Calcified Carotid Plaque - Source of Emboli
Calcified carotid plaques can serve as an embolic source in acute stroke. Although considered more stable than atheromateous plaque, their rupture could lead to vascular occlusion. Given their calcified nature, they are refractory to IV thrombolysis and their retrieval using interventional techniques is more challenging. Given their solid nature, it would not incorporate as a traditional clot would within the stent retriever and can get be pushed against the intimal wall as the stent opens.
Cortical laminar necrosis is the death of cells in the cortex of the brain in a band-like pattern, with a relative preservation of cells immediately adjacent to the meninges.
The difference can be seen as a consequence of the neurons within the cortex being far more metabolically active than glial cells or adjacent white matter.
It is a finding that can be seen in late subacute to chronic stroke.
A watershed stroke or watershed infarct is defined as a brain ischemia that is localized to the vulnerable border zones between the tissues supplied by the anterior, posterior and middle cerebral arteries. The actual blood stream blockage/restriction site can be located far away from the infarcts.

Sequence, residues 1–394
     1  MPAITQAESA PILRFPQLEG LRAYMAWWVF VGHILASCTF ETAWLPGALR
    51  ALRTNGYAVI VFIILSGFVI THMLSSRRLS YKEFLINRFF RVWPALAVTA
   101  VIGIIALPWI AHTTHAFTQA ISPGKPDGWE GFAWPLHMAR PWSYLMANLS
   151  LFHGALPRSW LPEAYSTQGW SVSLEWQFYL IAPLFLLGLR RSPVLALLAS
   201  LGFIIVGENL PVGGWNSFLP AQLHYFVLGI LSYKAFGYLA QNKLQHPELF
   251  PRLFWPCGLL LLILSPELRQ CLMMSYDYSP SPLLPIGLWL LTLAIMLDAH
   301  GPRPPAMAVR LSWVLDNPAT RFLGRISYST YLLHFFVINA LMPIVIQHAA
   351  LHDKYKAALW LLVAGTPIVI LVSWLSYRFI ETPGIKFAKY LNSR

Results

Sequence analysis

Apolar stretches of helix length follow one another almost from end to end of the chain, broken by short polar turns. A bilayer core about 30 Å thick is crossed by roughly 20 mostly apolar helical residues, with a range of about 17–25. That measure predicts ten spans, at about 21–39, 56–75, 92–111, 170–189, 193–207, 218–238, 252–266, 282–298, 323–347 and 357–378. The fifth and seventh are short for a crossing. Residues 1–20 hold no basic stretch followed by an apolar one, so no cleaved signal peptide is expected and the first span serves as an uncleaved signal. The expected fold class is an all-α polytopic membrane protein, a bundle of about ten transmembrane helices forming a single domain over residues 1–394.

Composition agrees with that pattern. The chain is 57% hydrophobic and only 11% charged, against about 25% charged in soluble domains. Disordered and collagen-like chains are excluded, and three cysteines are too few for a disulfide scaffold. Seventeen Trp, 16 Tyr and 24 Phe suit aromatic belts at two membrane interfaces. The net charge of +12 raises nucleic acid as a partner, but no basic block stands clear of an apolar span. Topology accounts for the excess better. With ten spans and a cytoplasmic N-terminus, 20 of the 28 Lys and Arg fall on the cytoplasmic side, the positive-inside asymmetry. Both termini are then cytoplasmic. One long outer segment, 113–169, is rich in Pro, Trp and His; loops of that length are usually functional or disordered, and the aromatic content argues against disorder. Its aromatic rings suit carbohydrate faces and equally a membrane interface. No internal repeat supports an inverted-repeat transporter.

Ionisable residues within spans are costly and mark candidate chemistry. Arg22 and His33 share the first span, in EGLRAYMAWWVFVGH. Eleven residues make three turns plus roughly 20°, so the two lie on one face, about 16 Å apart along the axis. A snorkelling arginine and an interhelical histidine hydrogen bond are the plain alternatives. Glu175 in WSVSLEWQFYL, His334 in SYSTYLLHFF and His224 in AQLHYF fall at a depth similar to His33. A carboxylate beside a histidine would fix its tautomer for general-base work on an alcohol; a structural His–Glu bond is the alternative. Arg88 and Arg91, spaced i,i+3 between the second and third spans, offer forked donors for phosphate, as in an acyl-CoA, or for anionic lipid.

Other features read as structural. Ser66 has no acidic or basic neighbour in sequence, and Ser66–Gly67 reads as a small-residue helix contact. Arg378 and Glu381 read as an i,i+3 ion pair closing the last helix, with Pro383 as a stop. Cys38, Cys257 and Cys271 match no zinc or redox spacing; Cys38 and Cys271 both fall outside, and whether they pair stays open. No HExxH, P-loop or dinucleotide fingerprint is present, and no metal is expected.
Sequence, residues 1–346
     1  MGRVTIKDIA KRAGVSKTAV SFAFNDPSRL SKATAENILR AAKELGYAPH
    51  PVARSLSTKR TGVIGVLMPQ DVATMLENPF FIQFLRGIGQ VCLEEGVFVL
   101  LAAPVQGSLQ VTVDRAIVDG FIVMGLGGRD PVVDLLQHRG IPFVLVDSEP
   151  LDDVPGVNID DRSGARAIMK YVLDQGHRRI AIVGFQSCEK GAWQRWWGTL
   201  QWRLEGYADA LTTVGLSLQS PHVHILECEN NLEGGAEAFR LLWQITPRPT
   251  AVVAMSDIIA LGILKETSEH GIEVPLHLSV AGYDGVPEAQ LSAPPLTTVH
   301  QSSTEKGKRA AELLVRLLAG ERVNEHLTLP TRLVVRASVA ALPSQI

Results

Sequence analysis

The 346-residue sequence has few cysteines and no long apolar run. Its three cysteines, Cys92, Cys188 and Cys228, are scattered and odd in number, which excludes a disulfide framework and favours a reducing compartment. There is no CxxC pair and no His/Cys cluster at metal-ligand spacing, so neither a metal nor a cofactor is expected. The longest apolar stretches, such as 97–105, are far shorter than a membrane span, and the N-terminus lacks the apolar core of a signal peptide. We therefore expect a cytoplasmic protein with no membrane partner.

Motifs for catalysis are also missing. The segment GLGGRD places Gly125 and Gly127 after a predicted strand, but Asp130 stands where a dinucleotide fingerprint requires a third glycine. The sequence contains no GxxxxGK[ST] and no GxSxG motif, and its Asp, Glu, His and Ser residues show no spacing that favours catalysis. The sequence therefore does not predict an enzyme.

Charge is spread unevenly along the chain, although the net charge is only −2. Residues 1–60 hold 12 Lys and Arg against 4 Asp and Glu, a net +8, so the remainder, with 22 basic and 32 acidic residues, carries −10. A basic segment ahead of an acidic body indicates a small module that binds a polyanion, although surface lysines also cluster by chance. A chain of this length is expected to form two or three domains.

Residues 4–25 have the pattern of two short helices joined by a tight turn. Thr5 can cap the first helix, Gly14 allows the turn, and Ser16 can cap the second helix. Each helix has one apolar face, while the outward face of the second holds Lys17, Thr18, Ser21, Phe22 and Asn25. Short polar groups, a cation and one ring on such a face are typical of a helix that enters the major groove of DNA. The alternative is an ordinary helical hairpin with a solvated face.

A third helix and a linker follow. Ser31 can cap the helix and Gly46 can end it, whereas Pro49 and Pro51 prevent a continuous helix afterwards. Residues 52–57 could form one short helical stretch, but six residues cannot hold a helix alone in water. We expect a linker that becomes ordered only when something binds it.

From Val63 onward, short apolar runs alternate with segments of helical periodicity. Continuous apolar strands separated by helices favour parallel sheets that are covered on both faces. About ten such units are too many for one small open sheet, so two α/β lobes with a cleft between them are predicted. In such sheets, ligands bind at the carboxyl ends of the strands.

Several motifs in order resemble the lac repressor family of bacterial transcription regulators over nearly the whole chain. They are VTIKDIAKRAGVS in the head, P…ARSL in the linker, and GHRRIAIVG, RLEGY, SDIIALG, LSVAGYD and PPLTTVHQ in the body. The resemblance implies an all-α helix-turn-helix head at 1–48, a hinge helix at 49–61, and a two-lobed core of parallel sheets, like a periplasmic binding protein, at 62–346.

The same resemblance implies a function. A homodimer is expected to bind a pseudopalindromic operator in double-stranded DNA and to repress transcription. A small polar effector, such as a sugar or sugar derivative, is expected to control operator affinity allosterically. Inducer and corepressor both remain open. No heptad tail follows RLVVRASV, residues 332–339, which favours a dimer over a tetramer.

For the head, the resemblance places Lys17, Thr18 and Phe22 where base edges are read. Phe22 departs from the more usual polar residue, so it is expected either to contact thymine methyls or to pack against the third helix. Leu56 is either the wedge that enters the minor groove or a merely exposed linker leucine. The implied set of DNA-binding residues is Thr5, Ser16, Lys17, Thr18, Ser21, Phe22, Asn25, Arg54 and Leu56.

Severe reduction of perfusion secondary to severe left carotid stenosis was responsible in this case.
Striatocapsular infarcts involve the striatum (ie the caudate nucleus and putamen), without involvement of the cortex secondary to either a complete or partial proximal MCA occlusion limiting flow to the lenticulostriate arteries.
Classically patients exhibit both cortical (e.g. aphasia, sensory neglect or extinction, apraxia) and subcortical (e.g. upper limb hemiparesis, dysarthria) neurological signs.